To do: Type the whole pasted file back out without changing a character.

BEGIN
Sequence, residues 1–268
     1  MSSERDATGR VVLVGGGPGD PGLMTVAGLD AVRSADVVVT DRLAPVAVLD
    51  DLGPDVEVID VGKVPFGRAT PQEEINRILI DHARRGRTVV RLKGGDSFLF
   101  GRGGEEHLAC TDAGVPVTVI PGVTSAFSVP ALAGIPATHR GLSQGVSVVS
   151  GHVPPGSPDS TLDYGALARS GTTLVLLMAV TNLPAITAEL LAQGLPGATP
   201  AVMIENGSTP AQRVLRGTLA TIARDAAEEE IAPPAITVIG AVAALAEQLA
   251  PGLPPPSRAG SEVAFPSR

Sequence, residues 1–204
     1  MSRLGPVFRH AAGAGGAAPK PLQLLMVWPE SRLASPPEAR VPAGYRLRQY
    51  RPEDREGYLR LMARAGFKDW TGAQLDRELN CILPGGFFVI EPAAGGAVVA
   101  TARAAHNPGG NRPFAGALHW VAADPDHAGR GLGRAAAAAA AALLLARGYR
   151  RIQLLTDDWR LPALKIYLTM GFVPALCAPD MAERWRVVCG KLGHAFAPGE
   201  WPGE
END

Sequence, residues 1–268
     1  MSSERDATGR VVLVGGGPGD PGLMTVAGLD AVRSADVVVT DRLAPVAVLD
    51  DLGPDVEVID VGKVPFGRAT PQEEINRILI DHARRGRTVV RLKGGDSFLF
   101  GRGGEEHLAC TDAGVPVTVI PGVTSAFSVP ALAGIPATHR GLSQGVSVVS
   151  GHVPPGSPDS TLDYGALARS GTTLVLLMAV TNLPAITAEL LAQGLPGATP
   201  AVMIENGSTP AQRVLRGTLA TIARDAAEEE IAPPAITVIG AVAALAEQLA
   251  PGLPPPSRAG SEVAFPSR

Sequence, residues 1–204
     1  MSRLGPVFRH AAGAGGAAPK PLQLLMVWPE SRLASPPEAR VPAGYRLRQY
    51  RPEDREGYLR LMARAGFKDW TGAQLDRELN CILPGGFFVI EPAAGGAVVA
   101  TARAAHNPGG NRPFAGALHW VAADPDHAGR GLGRAAAAAA AALLLARGYR
   151  RIQLLTDDWR LPALKIYLTM GFVPALCAPD MAERWRVVCG KLGHAFAPGE
   201  WPGE